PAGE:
And now to the application of this term:
When the architects at Olson Sundberg Kundig etc (I imagine the firm was called something else at the time, and it's now called something else still) designed the Frye Art Museum in 1997, they created these outdoor arches where art could sit. They created modern, rectangular versions of the curvy ancient forms, and hoped some art would activate them, Rick Sundberg told me in an interview last year.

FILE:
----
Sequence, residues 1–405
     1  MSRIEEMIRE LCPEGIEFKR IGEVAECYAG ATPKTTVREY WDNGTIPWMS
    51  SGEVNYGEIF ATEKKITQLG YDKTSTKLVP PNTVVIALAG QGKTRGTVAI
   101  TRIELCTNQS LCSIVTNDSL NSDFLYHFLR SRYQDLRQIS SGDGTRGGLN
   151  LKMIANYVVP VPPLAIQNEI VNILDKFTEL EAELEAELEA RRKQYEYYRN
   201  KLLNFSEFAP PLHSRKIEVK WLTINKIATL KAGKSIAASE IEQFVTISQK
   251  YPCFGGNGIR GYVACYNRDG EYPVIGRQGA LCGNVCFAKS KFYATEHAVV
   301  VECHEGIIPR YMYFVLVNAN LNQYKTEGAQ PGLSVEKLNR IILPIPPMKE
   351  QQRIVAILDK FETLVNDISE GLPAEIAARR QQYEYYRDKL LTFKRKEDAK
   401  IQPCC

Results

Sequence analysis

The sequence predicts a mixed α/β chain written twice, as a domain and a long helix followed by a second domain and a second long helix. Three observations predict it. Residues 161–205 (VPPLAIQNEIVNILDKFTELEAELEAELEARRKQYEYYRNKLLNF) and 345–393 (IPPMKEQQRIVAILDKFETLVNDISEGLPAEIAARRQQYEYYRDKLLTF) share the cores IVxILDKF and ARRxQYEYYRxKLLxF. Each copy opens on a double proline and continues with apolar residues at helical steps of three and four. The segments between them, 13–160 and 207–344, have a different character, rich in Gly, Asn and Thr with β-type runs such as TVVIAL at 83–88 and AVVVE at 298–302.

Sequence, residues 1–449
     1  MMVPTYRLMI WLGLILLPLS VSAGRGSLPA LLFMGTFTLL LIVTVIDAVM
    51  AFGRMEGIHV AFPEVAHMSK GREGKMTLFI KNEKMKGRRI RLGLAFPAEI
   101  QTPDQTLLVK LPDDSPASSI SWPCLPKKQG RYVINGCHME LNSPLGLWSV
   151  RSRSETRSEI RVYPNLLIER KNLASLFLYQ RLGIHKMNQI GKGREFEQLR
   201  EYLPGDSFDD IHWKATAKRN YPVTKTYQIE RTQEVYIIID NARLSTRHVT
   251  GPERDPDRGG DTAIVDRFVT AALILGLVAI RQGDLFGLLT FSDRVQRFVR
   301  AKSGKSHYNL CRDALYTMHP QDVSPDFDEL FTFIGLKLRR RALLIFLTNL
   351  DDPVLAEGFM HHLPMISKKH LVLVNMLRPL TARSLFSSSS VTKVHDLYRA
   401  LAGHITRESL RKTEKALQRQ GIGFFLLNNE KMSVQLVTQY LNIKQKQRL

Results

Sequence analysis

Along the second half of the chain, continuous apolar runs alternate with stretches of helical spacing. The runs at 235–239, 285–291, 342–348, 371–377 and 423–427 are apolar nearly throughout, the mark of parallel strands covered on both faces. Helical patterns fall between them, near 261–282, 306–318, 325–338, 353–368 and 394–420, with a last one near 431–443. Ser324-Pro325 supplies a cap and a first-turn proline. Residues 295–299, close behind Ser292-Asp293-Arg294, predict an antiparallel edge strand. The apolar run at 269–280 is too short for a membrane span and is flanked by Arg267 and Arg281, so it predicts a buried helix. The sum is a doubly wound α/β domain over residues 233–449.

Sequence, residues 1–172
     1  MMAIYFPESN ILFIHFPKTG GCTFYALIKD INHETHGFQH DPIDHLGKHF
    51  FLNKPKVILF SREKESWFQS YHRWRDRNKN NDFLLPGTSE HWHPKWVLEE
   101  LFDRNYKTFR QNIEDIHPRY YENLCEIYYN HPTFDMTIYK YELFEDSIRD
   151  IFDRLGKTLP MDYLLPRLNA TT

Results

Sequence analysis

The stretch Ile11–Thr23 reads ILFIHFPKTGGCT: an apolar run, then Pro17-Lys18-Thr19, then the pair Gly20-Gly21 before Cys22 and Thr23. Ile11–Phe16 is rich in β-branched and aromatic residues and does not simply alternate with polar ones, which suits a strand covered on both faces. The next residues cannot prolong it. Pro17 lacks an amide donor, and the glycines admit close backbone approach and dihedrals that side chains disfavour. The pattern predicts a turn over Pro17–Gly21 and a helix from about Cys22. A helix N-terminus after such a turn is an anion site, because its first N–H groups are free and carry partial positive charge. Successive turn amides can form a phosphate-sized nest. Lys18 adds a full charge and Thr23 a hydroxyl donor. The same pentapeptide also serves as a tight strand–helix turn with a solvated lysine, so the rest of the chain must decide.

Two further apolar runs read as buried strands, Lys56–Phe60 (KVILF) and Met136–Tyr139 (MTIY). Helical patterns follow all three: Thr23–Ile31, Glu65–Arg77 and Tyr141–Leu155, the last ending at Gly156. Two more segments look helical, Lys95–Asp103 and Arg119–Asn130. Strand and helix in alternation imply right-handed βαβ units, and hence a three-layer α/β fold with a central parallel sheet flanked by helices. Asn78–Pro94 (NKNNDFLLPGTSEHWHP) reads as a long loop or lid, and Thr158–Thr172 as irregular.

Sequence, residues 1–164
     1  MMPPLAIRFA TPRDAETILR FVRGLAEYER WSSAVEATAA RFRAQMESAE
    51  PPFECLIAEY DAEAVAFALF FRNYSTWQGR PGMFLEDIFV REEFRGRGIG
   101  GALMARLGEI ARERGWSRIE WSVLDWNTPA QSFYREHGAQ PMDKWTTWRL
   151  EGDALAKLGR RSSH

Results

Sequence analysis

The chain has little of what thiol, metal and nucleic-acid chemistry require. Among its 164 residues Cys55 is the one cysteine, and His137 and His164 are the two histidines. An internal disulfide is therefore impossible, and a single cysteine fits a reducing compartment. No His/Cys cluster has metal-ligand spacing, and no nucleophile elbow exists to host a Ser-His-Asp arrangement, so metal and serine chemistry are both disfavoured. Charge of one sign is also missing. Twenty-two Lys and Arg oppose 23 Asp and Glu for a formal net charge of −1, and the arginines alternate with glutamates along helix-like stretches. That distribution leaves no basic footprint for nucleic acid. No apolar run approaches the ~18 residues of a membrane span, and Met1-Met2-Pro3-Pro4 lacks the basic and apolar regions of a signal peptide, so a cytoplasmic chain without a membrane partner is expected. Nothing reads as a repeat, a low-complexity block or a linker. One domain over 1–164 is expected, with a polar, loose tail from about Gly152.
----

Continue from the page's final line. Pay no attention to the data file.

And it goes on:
But in all those 13 years, nobody ever had—until Implied Violence showed up to slosh around in the reflecting pool and install and operate simple machines inside these shelvey things in a marathon performance a few weekends ago.
That Monday morning, I got excited and called the architecture firm to find out what they'd thought. But it turns out nobody went. Frown.
Architects: Go watch the video of that performance now playing in the galleries! It's black and white, but maybe you can get a sense for how your work worked. It was pretty great use of the otherwise empty forms that just sit out there every day alone. I hope the Frye will continue to use them, because now, having once been used, they look lonelier than ever.